The High Line's planting design is inspired by the self-seeded landscape that grew up between rail tracks after the trains stopped running in the 1980s. Today, the High Line includes more than 300 species of perennials, grasses, shrubs, and trees – each chosen for their hardiness, adaptability, diversity, and seasonal variation in color and texture. Some of the species that originally grew on the High Line's rail bed are reflected in the park landscape today. This week we share one of our gardeners' current favorites with you.
This week the asters have begun to take center stage on the High Line, and to do them justice, we'll take a look at the group as a whole and at a few great species individually. Once you're on the lookout, you'll be able to spot them from a number of vantage points. While looking out over the Northern Spur Preserve, you'll see their effect from a wider angle as nebulas of purple and white stars. In other spots, like the Wildflower Field and Chelsea Grasslands, you can catch sight of the blooms up close – and if you look very carefully, you'll notice the complexity of this ostensibly simple flower. Flowers known as asters are so called for their starlike shape, and are composed of disk and ray florets, meaning that what appears as the center of the bloom is in fact made up of hundreds of tiny flowers. This is particularly apparent in the Jindai tatarian aster, whose golden center stands out brightly from its purple petals (which, to do due diligence, are actually called "involucral bracts") and who is currently stealing the show in the Washington Grasslands.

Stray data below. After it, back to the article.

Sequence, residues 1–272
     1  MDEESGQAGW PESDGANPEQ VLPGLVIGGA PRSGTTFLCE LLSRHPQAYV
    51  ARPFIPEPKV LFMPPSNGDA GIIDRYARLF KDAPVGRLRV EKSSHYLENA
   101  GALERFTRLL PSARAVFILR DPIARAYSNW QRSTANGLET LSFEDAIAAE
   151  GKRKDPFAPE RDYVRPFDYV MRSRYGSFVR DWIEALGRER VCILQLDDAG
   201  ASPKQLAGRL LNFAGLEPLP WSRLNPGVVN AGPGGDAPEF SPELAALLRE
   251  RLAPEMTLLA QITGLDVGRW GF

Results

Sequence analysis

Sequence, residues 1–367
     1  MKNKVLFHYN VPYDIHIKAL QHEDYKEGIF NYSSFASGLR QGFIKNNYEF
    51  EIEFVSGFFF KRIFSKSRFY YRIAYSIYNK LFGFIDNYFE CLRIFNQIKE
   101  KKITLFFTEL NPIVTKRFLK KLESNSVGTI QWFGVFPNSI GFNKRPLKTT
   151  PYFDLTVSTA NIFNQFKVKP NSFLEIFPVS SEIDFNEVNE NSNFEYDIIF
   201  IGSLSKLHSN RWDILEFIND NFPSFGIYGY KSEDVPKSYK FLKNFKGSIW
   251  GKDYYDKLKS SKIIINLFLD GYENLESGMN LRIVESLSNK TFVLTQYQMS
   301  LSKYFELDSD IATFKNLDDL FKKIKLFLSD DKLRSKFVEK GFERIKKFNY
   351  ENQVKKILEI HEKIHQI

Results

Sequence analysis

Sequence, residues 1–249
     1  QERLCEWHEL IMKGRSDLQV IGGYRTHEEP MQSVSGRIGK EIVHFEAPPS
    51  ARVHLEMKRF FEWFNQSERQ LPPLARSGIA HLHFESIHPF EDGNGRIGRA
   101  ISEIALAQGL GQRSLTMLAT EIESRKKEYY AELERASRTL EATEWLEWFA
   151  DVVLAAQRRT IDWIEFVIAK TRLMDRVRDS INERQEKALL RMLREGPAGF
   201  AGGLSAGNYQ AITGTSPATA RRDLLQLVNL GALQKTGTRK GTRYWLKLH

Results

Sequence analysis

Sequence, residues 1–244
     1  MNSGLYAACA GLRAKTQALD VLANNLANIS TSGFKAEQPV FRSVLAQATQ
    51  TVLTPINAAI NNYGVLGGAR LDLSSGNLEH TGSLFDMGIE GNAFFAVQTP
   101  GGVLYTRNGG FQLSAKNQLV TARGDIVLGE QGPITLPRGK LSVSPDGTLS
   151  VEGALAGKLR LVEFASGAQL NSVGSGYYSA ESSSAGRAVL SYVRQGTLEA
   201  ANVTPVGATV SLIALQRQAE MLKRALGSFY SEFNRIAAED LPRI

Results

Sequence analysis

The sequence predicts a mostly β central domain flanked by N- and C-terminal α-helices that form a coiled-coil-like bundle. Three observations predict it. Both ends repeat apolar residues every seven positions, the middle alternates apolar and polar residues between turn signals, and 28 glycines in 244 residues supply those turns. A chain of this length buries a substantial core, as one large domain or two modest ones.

The Aster family is massive and has been fractured many times into separate or subfamilies as our understanding of its genetics has deepened. On the High Line, you can recognize the asters by their generally fine, dark green foliage, frequently woody stems, and daisy-like blooms. Asters are common in open, dry environments like meadows and woodland edges, and are well known for attracting a diverse group of pollinators and beneficial insects, making them excellent companion plantings and for use in diversifying monocultures. It is almost a guarantee that you'll find a bumblebee on an aster, with its pollen baskets swollen yellow. For morphological reasons, asters have been hugely successful as a family, and date back in the form of fossilized pollen grains to Antarctica's Late Cretaceous period. There are currently more than 23,000 recorded species of aster, dispersed all over the globe from the poles to the tropics.
Asters are notoriously difficult to tell apart, even for seasoned horticulturists, but keep an eye out for a few of these species in general as a good starting point. The Skyblue aster, Symphyotrichum oolentangiense, looks incredible on the Northern Spur at the moment, surrounded by drifts of white Symphyotrichum lateriflorum 'Lady in Black,' or the Lady in Black calico aster. In the Wildflower Field, you'll find the purple Twilight, spreading, and Bluebird smooth asters, which have subtly different flower shapes and habits. One aster you'll be seeing less of is the white Aster ericoides, an aggressive spreader that this section's gardener worked hard to remove earlier this season. Though charming, it quickly dominates a garden and ought probably to be avoided in cultivation, as many other attractive white varieties are readily available.
Bloom in late summer and fall. Prefer partial to full sun and well-draining soil. While generally low-maintenance, some varieties may look better with staking, as they can become top-heavy; in addition, when watering, splashing the leaves ought to be avoided, as this can encourage powdery mildew. Water at the base.
WHERE TO SEE THIS PLANT
Gansevoort Woodland and Tiffany & Co. Foundation Overlook
Sundeck and Water Feature
Hudson River Overlook
Northern Spur Overlook
Wildflower Field and Radial Plantings
Rail Track Walks
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